On December 10th, Vancouver’s city council will be asked to approve an annual budget for the Vancouver Police Department. The VPD budget has been dramatically increased in recent years and is now planned to reach $340.4 million, more than one-fifth of the city’s entire 2020 operating budget and up from $317.2 million last year. The 2008 police budget was almost half that, at $180 million per year.
For the past decade, city council has granted yearly budget increases to the VPD without review and without accountability. In turn, the VPD has furnished an ever-growing list of reasons for year-over-year increases, despite a steady decrease in crime over that same period.
Downtown Eastside groups (Vandu, CCAP, Pivot, and Our Homes Can’t Wait) have embarked on a community campaign to reduce funding for the VPD, and re-direct it instead to where it really matters: housing and community services. Last year, more than double the amount was spent on VPD than on community services and housing
We know that this is a long-term campaign and this year we are focusing on reducing the overall increase and re-directing that money to shelter-rate housing.
Please share this video
Filmed at a townhall at Vandu on November 19th, the video has community members talking about the impacts of over-policing. “When do we ever see anything good come from them? Besides them wanting more. And they are always seem to want to pick on us when we are at our weak states, or if we’re alone, or if we’re not healthy.” – Anthony, VANDU
Sending your letter
To send your statement via email, make sure to send it to Vancouver mayor and city councilors directly:
Kennedy.Stewart@vancouver.ca; Rebecca.Bligh@vancouver.ca; Christine.Boyle@vancouver.ca; Adriane.Carr@vancouver.ca; firstname.lastname@example.org; Lisa.Dominato@vancouver.ca; Pete.Fry@vancouver.ca; Colleen.Hardwick@vancouver.ca; Sarah.Kirby-Yung@vancouver.ca; Jean.Swanson@vancouver.ca; Michael.Wiebe@vancouver.ca
Letters must be received by 9:30 am on Tuesday December 10th.
City of Vancouver draft budget 2020:
Vancouver Police Department budget request 2020:
Vancouver police want $340.4 million or more than one-fifth of the city’s entire 2020 operating budget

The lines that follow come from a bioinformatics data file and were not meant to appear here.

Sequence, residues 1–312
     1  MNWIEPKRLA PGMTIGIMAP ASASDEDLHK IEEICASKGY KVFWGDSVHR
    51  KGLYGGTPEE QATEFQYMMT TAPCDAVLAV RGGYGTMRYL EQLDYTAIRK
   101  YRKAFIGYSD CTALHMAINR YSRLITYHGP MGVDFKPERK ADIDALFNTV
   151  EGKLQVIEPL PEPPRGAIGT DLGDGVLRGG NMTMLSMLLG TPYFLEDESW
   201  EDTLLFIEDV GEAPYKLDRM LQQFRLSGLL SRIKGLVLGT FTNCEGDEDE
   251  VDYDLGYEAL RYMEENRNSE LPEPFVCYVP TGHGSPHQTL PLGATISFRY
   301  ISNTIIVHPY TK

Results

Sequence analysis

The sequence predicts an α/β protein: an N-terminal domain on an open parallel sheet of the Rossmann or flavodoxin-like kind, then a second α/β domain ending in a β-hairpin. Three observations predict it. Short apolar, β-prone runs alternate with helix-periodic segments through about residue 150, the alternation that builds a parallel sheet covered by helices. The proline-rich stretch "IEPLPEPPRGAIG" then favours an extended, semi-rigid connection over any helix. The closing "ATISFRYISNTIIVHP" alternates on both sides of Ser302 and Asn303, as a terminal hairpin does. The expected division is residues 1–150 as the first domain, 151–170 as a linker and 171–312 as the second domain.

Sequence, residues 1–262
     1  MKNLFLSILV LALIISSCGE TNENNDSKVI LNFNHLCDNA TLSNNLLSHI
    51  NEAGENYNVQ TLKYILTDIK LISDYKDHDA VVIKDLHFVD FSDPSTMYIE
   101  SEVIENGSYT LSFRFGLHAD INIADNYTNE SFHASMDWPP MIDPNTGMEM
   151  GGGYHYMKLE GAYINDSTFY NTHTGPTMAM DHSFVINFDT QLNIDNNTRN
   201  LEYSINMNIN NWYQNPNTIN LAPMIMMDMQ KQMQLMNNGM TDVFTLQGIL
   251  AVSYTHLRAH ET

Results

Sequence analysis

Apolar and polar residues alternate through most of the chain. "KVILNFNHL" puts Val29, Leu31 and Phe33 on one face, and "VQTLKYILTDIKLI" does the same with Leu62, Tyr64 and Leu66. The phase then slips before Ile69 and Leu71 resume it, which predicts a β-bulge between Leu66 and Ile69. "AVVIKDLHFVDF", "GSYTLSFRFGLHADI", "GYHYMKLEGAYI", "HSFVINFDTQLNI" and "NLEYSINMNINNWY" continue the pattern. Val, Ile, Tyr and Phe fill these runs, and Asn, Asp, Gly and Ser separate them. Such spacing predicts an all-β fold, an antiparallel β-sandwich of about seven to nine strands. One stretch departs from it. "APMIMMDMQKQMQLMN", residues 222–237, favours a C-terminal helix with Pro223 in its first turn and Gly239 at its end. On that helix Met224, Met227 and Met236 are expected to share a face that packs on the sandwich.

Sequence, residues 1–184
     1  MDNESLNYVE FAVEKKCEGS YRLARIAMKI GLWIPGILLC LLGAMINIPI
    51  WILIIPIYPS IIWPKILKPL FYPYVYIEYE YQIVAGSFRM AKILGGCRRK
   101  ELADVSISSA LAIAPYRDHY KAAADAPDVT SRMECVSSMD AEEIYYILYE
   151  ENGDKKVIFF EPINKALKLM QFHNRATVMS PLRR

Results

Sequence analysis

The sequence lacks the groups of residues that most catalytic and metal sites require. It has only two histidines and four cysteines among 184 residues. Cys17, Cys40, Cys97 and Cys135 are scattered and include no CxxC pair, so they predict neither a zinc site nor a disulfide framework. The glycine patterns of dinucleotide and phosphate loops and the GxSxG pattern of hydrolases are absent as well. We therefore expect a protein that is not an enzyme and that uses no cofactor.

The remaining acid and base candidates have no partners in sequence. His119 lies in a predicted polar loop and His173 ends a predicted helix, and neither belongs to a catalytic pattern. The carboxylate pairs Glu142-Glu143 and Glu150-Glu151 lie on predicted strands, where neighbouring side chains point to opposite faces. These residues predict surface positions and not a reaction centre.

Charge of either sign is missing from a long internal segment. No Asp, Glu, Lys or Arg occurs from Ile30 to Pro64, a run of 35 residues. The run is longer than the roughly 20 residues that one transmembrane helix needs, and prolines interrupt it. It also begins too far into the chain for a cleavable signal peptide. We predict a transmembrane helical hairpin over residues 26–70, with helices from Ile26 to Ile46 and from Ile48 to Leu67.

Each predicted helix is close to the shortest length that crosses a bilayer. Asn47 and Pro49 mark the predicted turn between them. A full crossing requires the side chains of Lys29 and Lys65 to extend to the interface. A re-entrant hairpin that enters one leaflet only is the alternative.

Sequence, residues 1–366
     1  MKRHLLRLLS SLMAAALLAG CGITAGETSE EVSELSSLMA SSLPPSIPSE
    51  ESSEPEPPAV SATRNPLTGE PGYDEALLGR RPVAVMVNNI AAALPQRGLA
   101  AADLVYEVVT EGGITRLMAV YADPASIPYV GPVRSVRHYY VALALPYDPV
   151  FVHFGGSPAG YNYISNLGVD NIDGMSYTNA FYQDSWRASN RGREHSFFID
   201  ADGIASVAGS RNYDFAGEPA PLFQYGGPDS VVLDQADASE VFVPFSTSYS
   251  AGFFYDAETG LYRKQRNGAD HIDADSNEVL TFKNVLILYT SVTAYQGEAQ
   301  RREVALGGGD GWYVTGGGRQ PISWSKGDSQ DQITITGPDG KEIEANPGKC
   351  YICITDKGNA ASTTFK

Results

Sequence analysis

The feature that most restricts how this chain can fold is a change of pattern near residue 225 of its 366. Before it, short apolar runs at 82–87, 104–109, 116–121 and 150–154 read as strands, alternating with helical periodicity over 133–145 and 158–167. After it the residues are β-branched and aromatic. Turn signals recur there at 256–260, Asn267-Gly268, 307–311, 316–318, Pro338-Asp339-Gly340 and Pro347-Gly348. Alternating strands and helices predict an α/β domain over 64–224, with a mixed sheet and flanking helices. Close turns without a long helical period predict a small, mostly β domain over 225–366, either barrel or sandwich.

VANDU: As VPD budget spirals out of control, defunding police is our community alternative to drug war
- Rather than increasing the funding for the police, that money be redirected to housing, community services. Could also be used for accountability (external audit, arms-length complaints investigation)
- Crime rate has been decreasing until 2018 but dipped up this year., shootings in the DTES being used to justify adding more funding although most common are crimes of poverty and minor theft
- Need to break down crime stats. Many 911 calls are officer-initiated: https://vancouver.ca/police/assets/pdf/studies/vpd-study-patrol-deployment.pdf
- Recent budget breakdowns have listed items such as monitoring street vending, visiting safe injection sites, supporting homeless people moving into social housing, providing assistance to vulnerable women, inspecting SROs, and supporting homeless people — all functions better left to community services that receive less than a quarter of the funding the VPD does.
- Mostly Indigenous people are incarcerated: https://www.straight.com/news/1094481/bc-prisons-are-filled-hugely-disproportionate-numbers-indigenous-inmates-stats-canada
- Community members suggest that restorative justice instead. The VPD say they have restorative justice peer programs for kids – but restorative justice can be applied to adult offences as well
- Special expense items have been used to garner more funding: a $700,000 drug processing facility, a new community policing centre in Strathcona, etc.
- The vast majority of funding goes to street cops and police salaries. With dozens of extra police on the ground, the result is an increase in profiling, street checks, and negative police interaction.
- Low-income and Indigenous people, drug users, women, two-spirit, queer, trans, and sex workers are the first affected by the trend toward overpolicing and underprotection.
- Policing in Vancouver is rooted in deeper structures of colonial dispossession and everyday governance of the land. Policing of low-income and Indigenous areas of the city is a historic extension of mounted police and other militias who paved the way for white settlement.